That publisher advance
Not long ago, a well established writer asked me if I thought that publishing on Amazon et al would ever match the traditional publisher advance, and I was reminded of this when I was sent a link to an interesting article in Salon by PATRICK WENSINK, one that asks more or less the same question.
Boldly headed MY AMAZON BESTSELLER MADE ME NOTHING, the story begins by confessing that Wensink, like many an author, shies like a nervous colt when asked what he makes in the way of money.
Personally, I think it is a very rude question. Asked that once by a total stranger who happened to be sitting next to me at a dinner, I returned the question instead of answering, saying with my eyebrows haughtily high, "So how much do you make?"
It turned out he was a high-flying physician. I forget the mind-spinning figures he quoted, but I gathered he worked only five months a year, to keep himself out of a crippling tax bracket.
Authors (that woman who wrote about all those fifty shades, et al excepted) don't make money on that sort of scale. Not anything like it. In fact, that traditional advance (which is not usually large) is often all the money they make from each book.
But at least that advance is real money. Wensink's experience with Indie publishing, it seems, was somewhat of a contrast.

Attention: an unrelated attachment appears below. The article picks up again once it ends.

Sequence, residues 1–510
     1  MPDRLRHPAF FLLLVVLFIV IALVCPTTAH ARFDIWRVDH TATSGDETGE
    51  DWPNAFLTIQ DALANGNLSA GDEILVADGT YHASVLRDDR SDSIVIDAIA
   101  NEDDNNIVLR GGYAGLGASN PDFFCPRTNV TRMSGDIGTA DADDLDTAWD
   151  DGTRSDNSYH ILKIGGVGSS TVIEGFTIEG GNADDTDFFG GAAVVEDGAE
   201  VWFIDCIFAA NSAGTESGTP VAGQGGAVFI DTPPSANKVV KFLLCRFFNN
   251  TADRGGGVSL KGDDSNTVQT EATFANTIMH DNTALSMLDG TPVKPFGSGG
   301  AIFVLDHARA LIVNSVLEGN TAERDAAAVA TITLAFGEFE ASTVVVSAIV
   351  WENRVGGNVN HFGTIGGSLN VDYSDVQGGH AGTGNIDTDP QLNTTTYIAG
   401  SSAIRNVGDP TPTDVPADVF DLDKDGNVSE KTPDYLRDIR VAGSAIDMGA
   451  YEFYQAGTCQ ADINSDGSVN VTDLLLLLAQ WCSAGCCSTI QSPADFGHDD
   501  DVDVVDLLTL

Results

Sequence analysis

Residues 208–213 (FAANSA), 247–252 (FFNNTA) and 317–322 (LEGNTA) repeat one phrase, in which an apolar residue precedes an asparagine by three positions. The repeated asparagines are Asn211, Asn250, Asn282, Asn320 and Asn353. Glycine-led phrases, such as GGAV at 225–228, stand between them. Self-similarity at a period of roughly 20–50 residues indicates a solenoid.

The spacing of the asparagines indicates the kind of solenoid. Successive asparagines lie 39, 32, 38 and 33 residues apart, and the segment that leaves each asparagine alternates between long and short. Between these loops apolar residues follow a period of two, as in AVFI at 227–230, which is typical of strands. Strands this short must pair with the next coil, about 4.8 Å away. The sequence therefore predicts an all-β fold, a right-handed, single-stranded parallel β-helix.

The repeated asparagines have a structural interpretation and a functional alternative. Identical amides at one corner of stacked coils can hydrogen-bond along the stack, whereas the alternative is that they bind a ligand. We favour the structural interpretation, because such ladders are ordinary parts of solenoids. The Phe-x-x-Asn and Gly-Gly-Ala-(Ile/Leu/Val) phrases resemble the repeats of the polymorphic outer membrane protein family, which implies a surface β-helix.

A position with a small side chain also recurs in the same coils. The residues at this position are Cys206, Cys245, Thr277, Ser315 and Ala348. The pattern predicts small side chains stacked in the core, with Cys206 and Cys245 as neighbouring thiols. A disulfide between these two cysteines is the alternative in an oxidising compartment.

"My novel shot to the top of the site's bestseller list last summer," he begins.
The book was a satire called Broken Piano for President. I'm not sure of the details, not having read it (yet), but after he was sent a "cease and desist" letter by Jack Daniels, the book went viral. As he describes, it "was featured in places like Forbes, Time magazine and NPR’s Weekend Edition. The New Yorker wrote one whole, entire, punctuated-and-everything sentence about me! My book was the No. 6 bestselling title in America for a while, right behind all the different “50 Shades of Grey” and “Gone Girl.” It was selling more copies than “Hunger Games” and “Bossypants.” So, I can sort of see why people thought I was going to start wearing monogrammed silk pajamas and smoking a pipe."
So how much did he make out of it?
Yes, you read it right.
That's the same as a fairly average advance.
Read all about it.